Ilus Eesti, beautiful Estonia. My family's homeland. Estonia's countryside and people have an endearing gentleness about them which you fall in love with slowly and imperceptibly. I have nothing but respect and admiration for Estonians' courage and determination to survive despite centuries of repression, tyranny and foreign occupation. This blog showcases all the things I love about Estonia and seeks to enlighten readers about everything this unique country has to offer.
On the 21st February 2018 Eesti Pank will issue four coins in honour of the centenary of the Republic of Estonia. The collector series will include a gold and silver coin plus two 2 Euro coins which will go into regular circulation.
The gold coin has a nominal value of 100 Euros and features the Estonian national flower, the cornflower. The symbols on the coin represent perfect happiness, development and balance. The coin was designed by Tiiu Pirsko and Mati Veermets, and 3000 of the coins will be minted.
The silver coin has a design featuring the outline of Estonia in blue, black and white on a globe. In the sky above is a line of poetry by Kristjan Jaak Peterson “Is not the language of this land singing in the wind, or rising to heaven, looking for eternity?” The coin was designed by Margus Kadarik and Toomas Niklus, and 7000 of the coins will be minted with a nominal value of 10 Euros.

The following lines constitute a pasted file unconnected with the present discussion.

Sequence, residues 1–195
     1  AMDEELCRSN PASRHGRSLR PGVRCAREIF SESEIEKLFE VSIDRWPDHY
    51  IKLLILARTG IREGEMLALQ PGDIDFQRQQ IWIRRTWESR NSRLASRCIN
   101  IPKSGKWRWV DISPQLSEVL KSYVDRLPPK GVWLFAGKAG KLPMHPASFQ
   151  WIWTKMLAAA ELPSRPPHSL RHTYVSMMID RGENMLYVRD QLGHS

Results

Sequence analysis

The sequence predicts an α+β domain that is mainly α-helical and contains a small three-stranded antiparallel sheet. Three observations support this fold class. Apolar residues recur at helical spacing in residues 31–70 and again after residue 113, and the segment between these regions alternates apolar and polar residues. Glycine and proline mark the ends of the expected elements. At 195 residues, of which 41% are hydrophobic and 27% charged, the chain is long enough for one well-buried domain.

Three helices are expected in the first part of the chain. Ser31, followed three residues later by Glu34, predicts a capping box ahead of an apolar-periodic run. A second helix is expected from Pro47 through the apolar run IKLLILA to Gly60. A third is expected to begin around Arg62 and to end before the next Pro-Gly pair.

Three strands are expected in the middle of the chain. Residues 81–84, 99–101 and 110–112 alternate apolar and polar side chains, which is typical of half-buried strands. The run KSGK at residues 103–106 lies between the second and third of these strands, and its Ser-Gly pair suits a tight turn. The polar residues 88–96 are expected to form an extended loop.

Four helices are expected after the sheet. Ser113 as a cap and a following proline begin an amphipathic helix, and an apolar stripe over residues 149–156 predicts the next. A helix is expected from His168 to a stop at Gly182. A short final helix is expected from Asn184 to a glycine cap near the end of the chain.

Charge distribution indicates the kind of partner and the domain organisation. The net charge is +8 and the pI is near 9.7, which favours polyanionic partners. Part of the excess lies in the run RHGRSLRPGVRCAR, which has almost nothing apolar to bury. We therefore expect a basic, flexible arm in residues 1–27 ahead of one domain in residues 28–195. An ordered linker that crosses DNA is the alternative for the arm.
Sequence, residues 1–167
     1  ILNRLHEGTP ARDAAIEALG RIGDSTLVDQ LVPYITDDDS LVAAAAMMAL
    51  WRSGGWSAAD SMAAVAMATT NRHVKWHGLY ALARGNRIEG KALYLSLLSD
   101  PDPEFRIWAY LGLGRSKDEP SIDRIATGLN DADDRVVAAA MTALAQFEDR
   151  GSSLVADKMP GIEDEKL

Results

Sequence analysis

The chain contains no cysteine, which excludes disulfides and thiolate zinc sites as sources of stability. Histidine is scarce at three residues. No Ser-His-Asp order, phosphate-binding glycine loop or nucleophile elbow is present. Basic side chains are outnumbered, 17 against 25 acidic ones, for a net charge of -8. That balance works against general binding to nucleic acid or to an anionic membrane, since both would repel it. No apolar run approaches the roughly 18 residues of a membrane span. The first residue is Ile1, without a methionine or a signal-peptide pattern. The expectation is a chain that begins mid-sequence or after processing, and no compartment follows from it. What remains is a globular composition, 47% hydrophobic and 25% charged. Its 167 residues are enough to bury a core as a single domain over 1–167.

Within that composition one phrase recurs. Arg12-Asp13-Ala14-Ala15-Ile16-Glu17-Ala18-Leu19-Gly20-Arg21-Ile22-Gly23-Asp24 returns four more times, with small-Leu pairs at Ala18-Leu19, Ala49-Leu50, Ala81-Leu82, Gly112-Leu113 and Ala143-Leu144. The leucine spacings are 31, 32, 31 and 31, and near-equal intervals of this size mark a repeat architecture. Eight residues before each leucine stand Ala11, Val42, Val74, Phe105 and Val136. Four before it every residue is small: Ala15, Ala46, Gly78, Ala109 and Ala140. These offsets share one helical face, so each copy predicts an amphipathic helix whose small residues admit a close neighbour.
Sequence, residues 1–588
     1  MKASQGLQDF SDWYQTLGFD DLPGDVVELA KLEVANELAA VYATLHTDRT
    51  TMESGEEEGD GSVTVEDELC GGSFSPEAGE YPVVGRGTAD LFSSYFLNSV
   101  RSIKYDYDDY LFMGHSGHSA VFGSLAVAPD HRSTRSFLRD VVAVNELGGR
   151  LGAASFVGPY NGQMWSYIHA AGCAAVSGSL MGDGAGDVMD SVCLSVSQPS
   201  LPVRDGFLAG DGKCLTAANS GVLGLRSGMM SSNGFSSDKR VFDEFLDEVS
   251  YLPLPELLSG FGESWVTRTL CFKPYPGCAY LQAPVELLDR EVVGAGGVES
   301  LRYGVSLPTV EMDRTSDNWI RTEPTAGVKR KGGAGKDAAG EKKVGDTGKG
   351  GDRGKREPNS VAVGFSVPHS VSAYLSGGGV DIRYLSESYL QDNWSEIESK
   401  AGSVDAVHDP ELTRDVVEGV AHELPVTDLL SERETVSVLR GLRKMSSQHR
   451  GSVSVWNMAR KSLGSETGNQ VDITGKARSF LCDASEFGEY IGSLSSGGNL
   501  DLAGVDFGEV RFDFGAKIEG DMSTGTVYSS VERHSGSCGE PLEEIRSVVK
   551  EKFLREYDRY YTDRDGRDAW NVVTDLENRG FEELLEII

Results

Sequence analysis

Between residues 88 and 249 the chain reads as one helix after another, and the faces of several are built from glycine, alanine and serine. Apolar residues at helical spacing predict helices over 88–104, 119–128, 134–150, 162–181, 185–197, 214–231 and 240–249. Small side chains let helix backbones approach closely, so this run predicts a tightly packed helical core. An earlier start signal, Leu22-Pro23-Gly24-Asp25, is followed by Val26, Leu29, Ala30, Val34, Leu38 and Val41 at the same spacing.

Circulating Two Euro Coins
The two-Euro coin with the special design dedicated to the centenary of the Republic of Estonia features the official national logo for the jubilee, which can be read as the numbers 18 and 100, linking the year the state was founded with today. The coin was designed by the concept and design agency Identity OÜ. The coin is intended to symbolise the people of Estonia, and so 1,317,800 coins will be minted to match the population of Estonia on 1 January 2017 according to data from Statistics Estonia.
The two-euro coin with the special design for the centenary of the Baltic states will enter circulation on 31 January 2018. The design of the coin shows the common past, present and future of the Baltic states as a single plaited braid. The coin was designed by the Lithuanian designer Justas Petrulis, who designed a coin for the first time. The design for the coin was chosen through a public vote. The same design of the coin will be issued into circulation in Estonia, Latvia and Lithuania. Eesti Pank will issue 500,000, the Latvian central bank 512,000 and the Lithuanian central bank one million coins.
Last year I had a wonderful Christmas in Tallinn. It was such a joy to stroll around the Christmas market sipping on Glögi whilst listening to live music. I can't wait to do it again. This year, after quite a long absence, I plan to spend Christmas with my family in Australia. It's been six years since I spent Christmas with them all so the re-union is very much overdue. I have a few new nieces and nephews that I have only met once so to celebrate Christmas with them for the first time should be quite special.
I decided to take an extended holiday to Australia. I will be there for two months in total. It would be a great opportunity to catch up with everyone and escape the chilly European winter for a while. I checked the weather report yesterday and it stated it was 28 degrees in Sydney. Fantastic! I can't wait to get out of my winter coat!
I have many fun things planned for my trip and one of the highlights will be to attend the annual Christmas party at Sydney's Eesti Maja. I have attended several events at Estonian House in the past but never their Christmas party. I always enjoy spending time with the local Estonian community and I'm looking forward to eating some traditional Estonian food again!